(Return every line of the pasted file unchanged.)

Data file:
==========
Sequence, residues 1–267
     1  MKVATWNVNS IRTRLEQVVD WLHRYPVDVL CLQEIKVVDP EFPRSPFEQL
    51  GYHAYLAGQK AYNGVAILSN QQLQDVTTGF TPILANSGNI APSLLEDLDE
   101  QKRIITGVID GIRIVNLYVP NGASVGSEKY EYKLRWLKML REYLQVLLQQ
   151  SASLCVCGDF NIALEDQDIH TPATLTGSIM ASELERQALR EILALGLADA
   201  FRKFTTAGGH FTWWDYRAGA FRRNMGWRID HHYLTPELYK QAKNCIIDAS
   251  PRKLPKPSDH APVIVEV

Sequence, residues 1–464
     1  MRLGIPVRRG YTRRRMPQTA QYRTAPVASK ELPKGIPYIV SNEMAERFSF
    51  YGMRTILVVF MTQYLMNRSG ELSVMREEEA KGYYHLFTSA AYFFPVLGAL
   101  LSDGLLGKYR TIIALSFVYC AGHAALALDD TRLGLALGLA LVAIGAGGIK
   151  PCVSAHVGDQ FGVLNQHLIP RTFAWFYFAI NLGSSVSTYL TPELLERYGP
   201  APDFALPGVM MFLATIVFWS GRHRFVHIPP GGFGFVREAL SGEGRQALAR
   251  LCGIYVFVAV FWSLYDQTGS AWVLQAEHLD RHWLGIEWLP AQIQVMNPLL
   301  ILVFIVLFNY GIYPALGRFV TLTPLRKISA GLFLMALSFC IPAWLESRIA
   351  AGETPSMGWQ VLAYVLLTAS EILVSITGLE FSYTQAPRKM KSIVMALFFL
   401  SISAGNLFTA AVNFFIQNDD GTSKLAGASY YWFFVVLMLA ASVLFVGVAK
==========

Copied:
Sequence, residues 1–267
     1  MKVATWNVNS IRTRLEQVVD WLHRYPVDVL CLQEIKVVDP EFPRSPFEQL
    51  GYHAYLAGQK AYNGVAILSN QQLQDVTTGF TPILANSGNI APSLLEDLDE
   101  QKRIITGVID GIRIVNLYVP NGASVGSEKY EYKLRWLKML REYLQVLLQQ
   151  SASLCVCGDF NIALEDQDIH TPATLTGSIM ASELERQALR EILALGLADA
   201  FRKFTTAGGH FTWWDYRAGA FRRNMGWRID HHYLTPELYK QAKNCIIDAS
   251  PRKLPKPSDH APVIVEV

Sequence, residues 1–464
     1  MRLGIPVRRG YTRRRMPQTA QYRTAPVASK ELPKGIPYIV SNEMAERFSF
    51  YGMRTILVVF MTQYLMNRSG ELSVMREEEA KGYYHLFTSA AYFFPVLGAL
   101  LSDGLLGKYR TIIALSFVYC AGHAALALDD TRLGLALGLA LVAIGAGGIK
   151  PCVSAHVGDQ FGVLNQHLIP RTFAWFYFAI NLGSSVSTYL TPELLERYGP
   201  APDFALPGVM MFLATIVFWS GRHRFVHIPP GGFGFVREAL SGEGRQALAR
   251  LCGIYVFVAV FWSLYDQTGS AWVLQAEHLD RHWLGIEWLP AQIQVMNPLL
   301  ILVFIVLFNY GIYPALGRFV TLTPLRKISA GLFLMALSFC IPAWLESRIA
   351  AGETPSMGWQ VLAYVLLTAS EILVSITGLE FSYTQAPRKM KSIVMALFFL
   401  SISAGNLFTA AVNFFIQNDD GTSKLAGASY YWFFVVLMLA ASVLFVGVAK